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Erez Antebi, Allot Ltd. - CEO & President [12]

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I will add, perhaps, to as Alberto said, and emphasize again what was said, that it -- while we sign the security OpEx deals, it takes them time to ramp up. Even a deal we sign today will hopefully be launched quickly, that is, say in the summer and then customers will start ramping up throughout the second half of the year. So security OpEx deals that we sign in 2019 will not have -- or are not, at least, expected to have a very significant impact on revenues and bookings for 2019. They will have much more, or I expect them to have a much more significant impact in 2020 and beyond, of course.

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Operator [13]

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The next question is from Alex Henderson of Needham & Company.

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Roger Foley Boyd, Needham & Company, LLC, Research Division - Research Analyst [14]

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This is Roger Boyd on for Alex Henderson. I know you mentioned you're continuing to take share in the DPI space. Can you give any more color on the competitive environment there, what you're seeing in terms of channel dynamics?

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Erez Antebi, Allot Ltd. - CEO & President [15]

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In terms of, I couldn't hear the last few words, sorry?

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Roger Foley Boyd, Needham & Company, LLC, Research Division - Research Analyst [16]

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In terms of channel dynamics within the DPI space?

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Erez Antebi, Allot Ltd. - CEO & President [17]

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Look, I think that we're -- if I look at the DPI market in general, I would say that we're seeing -- we're seeing the large network equipment providers such as Ericsson, Huawei, companies -- Samsung, companies like that -- that are providing core networks. They also have a DPI component in their -- as part of their offering. They typically, when they can, they bundle that with the rest of the core network product that they provide to operators, and I would say as a very, very broad sentence, I would say that operators that are willing to suffice with a more simplistic and less-capable type of DPI product, we'll tend to buy from the [net bundle] product.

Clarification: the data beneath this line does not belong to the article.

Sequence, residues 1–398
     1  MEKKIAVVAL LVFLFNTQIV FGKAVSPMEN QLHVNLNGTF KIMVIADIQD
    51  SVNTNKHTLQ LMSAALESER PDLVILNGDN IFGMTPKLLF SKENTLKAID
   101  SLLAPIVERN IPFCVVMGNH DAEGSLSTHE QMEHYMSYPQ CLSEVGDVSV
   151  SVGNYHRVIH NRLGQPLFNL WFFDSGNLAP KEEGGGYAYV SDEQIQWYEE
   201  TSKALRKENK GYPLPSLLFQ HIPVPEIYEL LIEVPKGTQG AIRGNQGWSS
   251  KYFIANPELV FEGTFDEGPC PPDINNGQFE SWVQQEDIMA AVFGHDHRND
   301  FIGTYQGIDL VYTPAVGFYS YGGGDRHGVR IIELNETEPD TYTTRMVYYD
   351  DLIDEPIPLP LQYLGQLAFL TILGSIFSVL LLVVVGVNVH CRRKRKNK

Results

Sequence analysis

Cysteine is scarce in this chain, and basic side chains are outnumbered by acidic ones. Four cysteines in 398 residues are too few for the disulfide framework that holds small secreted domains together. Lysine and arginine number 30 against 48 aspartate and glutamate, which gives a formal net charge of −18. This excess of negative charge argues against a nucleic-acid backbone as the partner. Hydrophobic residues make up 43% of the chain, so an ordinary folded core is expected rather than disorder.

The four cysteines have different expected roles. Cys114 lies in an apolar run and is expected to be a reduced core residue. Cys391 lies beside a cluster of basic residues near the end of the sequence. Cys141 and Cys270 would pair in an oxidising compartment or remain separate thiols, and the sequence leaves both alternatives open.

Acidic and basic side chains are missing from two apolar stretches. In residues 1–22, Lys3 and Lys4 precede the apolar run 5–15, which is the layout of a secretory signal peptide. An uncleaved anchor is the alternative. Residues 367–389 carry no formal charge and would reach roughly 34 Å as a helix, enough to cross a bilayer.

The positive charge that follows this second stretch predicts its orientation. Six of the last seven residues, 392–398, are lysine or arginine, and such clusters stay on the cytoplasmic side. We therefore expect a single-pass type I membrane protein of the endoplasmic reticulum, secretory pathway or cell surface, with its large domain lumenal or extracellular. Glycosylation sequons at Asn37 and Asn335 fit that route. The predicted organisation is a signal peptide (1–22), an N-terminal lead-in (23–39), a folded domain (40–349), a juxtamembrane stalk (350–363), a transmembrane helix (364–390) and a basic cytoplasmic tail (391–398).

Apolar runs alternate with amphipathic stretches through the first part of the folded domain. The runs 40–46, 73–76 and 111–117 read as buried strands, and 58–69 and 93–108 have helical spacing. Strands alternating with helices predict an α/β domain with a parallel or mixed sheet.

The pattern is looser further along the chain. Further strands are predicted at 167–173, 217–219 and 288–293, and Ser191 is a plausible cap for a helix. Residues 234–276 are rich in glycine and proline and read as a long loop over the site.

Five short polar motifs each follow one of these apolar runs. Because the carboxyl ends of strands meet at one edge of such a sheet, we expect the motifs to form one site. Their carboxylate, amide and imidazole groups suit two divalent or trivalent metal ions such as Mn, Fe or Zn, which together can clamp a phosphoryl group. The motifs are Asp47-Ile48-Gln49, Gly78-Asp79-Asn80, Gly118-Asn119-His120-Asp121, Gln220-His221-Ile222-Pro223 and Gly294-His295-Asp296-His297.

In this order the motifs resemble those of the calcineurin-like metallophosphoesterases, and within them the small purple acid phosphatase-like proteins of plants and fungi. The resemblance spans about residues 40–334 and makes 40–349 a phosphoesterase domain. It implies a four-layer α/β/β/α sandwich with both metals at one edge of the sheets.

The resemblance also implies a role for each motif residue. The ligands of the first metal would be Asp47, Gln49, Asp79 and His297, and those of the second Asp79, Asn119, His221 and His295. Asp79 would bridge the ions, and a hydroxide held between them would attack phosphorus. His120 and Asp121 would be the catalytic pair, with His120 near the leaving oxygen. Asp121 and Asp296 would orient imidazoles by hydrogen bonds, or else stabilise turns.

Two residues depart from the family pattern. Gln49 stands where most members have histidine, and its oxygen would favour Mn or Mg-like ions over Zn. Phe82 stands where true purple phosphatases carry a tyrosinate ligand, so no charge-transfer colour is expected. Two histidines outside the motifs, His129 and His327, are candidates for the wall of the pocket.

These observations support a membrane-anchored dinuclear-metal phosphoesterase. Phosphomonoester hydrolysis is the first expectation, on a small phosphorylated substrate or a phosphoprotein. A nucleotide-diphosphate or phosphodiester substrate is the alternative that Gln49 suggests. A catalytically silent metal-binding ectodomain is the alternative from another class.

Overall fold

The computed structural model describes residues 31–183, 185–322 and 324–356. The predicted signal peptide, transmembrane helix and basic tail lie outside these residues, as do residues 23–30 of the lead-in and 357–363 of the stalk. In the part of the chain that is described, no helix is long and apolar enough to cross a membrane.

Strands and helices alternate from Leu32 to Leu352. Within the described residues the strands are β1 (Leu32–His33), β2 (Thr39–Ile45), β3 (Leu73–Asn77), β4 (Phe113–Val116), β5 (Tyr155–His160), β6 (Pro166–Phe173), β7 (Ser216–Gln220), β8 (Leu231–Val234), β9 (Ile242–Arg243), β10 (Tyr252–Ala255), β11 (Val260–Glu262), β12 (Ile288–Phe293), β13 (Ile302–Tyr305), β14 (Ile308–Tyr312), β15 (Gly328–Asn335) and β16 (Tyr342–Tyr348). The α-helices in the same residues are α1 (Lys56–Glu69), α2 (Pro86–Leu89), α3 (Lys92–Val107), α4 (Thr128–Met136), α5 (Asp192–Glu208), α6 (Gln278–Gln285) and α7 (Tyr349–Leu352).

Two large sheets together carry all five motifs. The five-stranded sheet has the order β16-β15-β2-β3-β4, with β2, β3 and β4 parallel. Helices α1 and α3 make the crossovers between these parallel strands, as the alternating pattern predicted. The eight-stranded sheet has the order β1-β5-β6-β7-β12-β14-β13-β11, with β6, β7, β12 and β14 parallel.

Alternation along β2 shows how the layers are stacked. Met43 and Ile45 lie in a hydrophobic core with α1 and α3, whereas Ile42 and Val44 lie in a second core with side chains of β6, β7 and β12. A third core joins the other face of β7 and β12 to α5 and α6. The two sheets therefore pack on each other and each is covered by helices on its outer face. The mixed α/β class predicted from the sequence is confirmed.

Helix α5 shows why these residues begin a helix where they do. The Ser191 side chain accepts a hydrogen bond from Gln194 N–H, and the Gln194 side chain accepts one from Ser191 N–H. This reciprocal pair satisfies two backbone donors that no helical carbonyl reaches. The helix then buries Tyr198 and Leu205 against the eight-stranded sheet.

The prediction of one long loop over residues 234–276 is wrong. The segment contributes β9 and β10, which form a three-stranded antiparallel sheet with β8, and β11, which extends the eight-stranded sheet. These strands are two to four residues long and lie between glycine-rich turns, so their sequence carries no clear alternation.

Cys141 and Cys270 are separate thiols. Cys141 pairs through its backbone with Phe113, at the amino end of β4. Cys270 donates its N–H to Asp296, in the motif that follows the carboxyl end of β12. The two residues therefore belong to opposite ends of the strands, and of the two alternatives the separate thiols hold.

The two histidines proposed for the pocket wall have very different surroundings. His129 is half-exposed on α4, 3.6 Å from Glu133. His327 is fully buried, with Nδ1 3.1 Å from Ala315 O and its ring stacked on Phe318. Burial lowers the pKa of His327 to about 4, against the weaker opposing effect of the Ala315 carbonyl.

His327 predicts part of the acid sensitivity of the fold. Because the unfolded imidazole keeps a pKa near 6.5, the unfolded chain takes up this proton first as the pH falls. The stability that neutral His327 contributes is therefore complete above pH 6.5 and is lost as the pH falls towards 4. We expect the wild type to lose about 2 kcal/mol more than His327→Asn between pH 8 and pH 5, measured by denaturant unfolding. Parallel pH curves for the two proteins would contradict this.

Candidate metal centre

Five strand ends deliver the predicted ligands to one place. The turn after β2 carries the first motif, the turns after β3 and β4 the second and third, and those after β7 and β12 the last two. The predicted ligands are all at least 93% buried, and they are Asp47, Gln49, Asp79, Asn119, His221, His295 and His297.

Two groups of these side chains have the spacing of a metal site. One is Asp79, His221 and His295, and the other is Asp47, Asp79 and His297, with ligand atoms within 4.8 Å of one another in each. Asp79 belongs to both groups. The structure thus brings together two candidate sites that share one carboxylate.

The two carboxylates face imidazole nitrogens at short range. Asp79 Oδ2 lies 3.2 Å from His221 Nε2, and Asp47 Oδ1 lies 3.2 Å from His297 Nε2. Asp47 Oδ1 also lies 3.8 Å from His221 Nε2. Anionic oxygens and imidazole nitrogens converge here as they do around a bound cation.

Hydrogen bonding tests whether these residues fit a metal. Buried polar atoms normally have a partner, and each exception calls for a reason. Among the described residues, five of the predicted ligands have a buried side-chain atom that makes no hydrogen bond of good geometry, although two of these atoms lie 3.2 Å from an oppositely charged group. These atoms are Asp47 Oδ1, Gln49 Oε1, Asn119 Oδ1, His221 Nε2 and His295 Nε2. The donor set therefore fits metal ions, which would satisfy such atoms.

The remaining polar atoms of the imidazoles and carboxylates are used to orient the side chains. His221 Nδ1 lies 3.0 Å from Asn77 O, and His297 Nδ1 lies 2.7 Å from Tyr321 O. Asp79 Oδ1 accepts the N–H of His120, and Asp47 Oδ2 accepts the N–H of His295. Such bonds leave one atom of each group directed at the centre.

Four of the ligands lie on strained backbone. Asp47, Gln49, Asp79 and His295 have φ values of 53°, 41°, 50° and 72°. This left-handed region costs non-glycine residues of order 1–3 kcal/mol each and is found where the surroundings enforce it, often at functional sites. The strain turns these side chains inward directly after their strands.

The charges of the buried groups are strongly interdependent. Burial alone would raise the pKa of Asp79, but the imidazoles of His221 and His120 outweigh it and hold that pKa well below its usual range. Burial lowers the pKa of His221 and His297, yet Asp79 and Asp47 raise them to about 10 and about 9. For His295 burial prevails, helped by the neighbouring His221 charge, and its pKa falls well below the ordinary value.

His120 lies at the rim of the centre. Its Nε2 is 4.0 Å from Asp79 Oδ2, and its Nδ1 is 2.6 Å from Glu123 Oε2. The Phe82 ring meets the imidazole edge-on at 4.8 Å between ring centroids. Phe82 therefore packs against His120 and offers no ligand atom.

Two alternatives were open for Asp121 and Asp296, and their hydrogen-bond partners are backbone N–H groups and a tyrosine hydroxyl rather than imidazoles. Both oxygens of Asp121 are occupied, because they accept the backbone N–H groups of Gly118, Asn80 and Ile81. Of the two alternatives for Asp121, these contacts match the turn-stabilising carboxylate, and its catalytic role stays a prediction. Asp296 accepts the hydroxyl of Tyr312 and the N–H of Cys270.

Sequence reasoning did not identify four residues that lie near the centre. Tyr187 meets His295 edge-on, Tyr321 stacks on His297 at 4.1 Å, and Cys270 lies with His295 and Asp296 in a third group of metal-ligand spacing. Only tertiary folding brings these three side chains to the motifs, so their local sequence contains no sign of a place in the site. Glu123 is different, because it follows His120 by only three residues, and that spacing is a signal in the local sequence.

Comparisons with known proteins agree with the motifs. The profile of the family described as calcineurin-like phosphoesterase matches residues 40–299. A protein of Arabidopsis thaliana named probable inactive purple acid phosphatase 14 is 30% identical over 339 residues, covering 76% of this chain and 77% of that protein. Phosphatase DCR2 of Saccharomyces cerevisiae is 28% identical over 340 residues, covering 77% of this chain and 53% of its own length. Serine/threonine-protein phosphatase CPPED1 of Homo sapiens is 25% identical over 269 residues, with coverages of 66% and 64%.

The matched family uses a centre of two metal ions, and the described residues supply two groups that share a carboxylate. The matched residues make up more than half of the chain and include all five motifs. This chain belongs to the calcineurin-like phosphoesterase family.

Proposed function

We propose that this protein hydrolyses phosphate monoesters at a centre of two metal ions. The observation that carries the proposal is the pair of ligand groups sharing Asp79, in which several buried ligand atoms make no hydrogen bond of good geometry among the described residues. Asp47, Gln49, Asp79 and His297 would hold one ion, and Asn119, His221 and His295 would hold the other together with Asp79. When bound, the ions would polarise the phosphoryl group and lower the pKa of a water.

Those operators that see the value in having a higher-end, more sophisticated, higher capability DPI product, will typically buy from either Allot or our direct competition which today, quite honestly, is primarily Sandvine. Now, I think that what we're seeing is that we're seeing companies that are -- that either do not have DPI and are looking to add that. We have several instances where operators have been working without DPI for years, and are now looking to add that capability to their portfolio so they come look at what their options are. And we see operators that have run with a certain platform for a number of years, and are either not so content with maybe the product they've got, the service they have, or even for corporate governance reasons need to go and issue a bid, a new bid to check what's out in the market after a certain number of years.

And then we get -- then we have -- sorry, then they in either of these cases, they will put out some kind of RFP or RFR or something, to look at the opportunity. And that creates an opportunity for us. I'm glad to say that we are winning many deals, and we're doing this above our market share. So that's a reason for us to grow in this market.

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Roger Foley Boyd, Needham & Company, LLC, Research Division - Research Analyst [18]

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And then a quick housekeeping item, do you have a tax rate in mind we should be using for '19?